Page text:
1. Broader Coverage: The Umbrella offers broader coverage for certain liability risks that are not covered by the underlying policies. This usually occurs when the Umbrella policy has fewer or narrower exclusions than the underlying policy. For example, a General Liability policy may exclude liability arising from non-owned watercraft 26’ or more in length, whereas an Umbrella policy may exclude liability for non-owned watercraft 51’ feet or more in length. Therefore, an Umbrella Liability policy may pick up a claim arising out of a non-owned watercraft between 26’ and 51’ in length. The broader coverage feature is usually subject to a self-insured retention, which is similar to a deductible. Self-insured retentions are typically $10,000 and must be paid out of pocket before the broader coverage feature will respond.

A true Umbrella Liability policy provides coverages under 1, 2 and 3 above, whereas an Excess Liability policy only provides coverages under 1 and 2.

Both Umbrella and Excess Liability Policies May Provide Narrower Coverage Than Underlying Policies

Umbrella Policy for Sports organizationsIn the context of sports and recreation organizations, it’s common for Umbrella and Excess policies to have exclusions that are not found on the underlying General Liability policy. The most common examples of such exclusions include Non-owned and Hired Auto Liability (if endorsed onto General Liability), Sex Abuse and Molestation and Brain Injury/Concussion.  However, the Umbrella or Excess Liability carrier may provide a buy-back for these common exclusions.

Limits and Pricing

Umbrella/Excess Liability policies may be purchased in increments of $1 million. Each increment is subject to a minimum premium ranging from $500 to $2,500 depending on the carrier. The actual premium may be higher than the minimum premium depending on the loss exposures. The most common premium basis for exposures to loss includes number of participants, number of teams, payroll of employees, revenues, number of vehicles, etc. Umbrella/Excess Liability quotes are often expressed as a percentage of the underlying premiums. For example, some policies are priced at a rate of approximately 20% of underlying premiums for the first layer of $1 million. Further discounts may be applied to each additional layer of $1 million due to the decreasing probability of a claim breaching the additional limits.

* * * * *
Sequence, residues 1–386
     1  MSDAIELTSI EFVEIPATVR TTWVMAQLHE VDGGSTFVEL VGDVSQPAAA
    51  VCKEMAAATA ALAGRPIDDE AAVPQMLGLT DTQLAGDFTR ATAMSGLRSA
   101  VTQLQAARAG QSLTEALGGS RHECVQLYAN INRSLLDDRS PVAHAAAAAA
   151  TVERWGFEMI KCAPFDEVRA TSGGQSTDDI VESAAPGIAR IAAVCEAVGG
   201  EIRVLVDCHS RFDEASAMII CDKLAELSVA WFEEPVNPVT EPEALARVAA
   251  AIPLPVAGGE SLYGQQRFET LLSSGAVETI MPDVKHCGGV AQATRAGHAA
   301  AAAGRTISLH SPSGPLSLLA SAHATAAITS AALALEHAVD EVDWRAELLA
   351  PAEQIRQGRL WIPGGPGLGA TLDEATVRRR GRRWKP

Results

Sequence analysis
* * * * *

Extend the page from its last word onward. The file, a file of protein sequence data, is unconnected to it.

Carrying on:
How High A Limit Is Needed?

There is no definitive way to answer this question. Factors to be considered include the value of the assets at risk, exposure units creating the risk (ex: the greater the number of participants, the greater the chance of a catastrophic injury and resulting claim), recent court cases, limits carried by peer organizations of similar size, affordability, and the particular severity risks that are faced by a sports or recreation organization (ex: transportation of participants, sex abuse/molestation).